I know that some countries (Russia and China for instance) use meters to measure altitude while the rest of the world uses feet. Why isn't this standardized around the world? I guess all modern cockpit instruments nowdays offer both unit system measurements, but this must be creating some confusion for pilots. Who decides which measurement units should be used for aircraft altitude? The airlines? ATC? Each country? Why are both units of measure used? Are there any pros or cons with using meters?
I saw this question from History Stack Exchange and noted that the US is still using the imperial measurement system such as feet, miles and pounds. Given that a plane may need to fly from one country to another, is there any standardisation across the globe? Does planes manufactured by Boeing use one system and planes made by the Airbus another system? If not, wouldn't it be very easy for pilots to make calculation error?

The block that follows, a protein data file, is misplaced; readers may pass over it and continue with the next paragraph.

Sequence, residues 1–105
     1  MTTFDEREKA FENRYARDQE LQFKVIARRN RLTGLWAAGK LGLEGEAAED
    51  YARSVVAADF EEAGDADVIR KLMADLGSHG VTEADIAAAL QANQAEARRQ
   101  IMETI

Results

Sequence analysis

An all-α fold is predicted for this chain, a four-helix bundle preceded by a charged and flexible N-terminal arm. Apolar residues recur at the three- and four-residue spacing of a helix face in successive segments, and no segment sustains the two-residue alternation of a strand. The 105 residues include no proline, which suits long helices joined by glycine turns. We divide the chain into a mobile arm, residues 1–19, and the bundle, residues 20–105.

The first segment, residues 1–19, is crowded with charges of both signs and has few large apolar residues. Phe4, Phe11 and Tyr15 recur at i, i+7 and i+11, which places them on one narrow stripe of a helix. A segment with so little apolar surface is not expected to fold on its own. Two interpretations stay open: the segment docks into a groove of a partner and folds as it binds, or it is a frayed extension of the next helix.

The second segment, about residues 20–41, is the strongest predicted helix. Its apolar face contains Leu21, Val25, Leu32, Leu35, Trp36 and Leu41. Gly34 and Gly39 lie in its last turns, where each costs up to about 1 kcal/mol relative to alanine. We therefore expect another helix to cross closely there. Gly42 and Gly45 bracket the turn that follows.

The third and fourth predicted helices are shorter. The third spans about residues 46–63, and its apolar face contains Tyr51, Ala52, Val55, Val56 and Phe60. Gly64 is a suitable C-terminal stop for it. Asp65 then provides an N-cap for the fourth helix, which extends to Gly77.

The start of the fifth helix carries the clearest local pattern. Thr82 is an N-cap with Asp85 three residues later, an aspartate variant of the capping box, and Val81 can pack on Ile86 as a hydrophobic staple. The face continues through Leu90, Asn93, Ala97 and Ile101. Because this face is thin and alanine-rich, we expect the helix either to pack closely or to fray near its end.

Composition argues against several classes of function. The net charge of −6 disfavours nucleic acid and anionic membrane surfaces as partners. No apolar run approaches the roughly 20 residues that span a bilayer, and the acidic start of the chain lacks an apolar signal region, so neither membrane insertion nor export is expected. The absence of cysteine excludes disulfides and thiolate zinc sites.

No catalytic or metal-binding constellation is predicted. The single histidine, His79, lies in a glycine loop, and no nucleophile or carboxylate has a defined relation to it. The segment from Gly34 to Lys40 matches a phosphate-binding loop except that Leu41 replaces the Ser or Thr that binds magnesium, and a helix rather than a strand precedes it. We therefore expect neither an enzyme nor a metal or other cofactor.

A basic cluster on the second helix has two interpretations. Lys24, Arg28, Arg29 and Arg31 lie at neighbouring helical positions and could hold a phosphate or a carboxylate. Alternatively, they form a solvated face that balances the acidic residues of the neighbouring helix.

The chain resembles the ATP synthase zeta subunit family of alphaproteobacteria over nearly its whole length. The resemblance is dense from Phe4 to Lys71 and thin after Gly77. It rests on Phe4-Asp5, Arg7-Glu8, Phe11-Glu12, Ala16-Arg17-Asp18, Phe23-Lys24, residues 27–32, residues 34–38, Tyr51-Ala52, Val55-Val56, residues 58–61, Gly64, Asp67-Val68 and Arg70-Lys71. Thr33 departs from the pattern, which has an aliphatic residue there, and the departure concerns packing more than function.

This is a followup to What is the measurement system used in the aviation industry? and related to this question from History. I can understand the arguments as to why adoption of SI units would not make sense for the general population, but aviation is a specialised business. All professionals are highly trained, and would (should) be well versed in both systems anyways, so the transition would be much simpler from the point of view of human factors. The technology would probably be much harder to shift but again, with more and more displays and documentation going digital in cockpits
I'm interested in short, or trick, take-offs - such as from platforms, tall trees, etc. I think that I should have a wind speed and direction measure an understanding of my wing surface area Thi...